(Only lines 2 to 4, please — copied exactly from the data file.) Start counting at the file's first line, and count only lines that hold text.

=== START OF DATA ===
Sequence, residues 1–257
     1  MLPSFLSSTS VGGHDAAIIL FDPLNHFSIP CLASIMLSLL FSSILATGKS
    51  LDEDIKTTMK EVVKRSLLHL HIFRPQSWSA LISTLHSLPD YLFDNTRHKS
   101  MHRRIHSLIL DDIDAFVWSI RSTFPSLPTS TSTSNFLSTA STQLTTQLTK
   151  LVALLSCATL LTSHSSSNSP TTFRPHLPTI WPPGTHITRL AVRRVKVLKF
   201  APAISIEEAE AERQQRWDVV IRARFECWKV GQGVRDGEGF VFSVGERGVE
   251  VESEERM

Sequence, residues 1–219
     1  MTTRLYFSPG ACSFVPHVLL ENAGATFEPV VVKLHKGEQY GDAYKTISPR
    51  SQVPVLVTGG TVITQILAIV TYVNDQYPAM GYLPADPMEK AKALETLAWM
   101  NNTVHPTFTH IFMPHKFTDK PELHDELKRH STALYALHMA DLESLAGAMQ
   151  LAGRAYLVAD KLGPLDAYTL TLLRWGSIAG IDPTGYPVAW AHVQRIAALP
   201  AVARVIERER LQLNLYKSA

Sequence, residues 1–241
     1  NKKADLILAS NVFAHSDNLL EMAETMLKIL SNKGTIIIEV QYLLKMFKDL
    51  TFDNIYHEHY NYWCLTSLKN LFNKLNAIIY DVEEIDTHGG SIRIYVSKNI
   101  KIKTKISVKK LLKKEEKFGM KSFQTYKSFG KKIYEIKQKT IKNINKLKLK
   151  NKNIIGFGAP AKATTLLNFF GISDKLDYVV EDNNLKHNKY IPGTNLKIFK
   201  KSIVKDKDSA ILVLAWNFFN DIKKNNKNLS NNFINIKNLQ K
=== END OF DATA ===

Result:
     1  MLPSFLSSTS VGGHDAAIIL FDPLNHFSIP CLASIMLSLL FSSILATGKS
    51  LDEDIKTTMK EVVKRSLLHL HIFRPQSWSA LISTLHSLPD YLFDNTRHKS
   101  MHRRIHSLIL DDIDAFVWSI RSTFPSLPTS TSTSNFLSTA STQLTTQLTK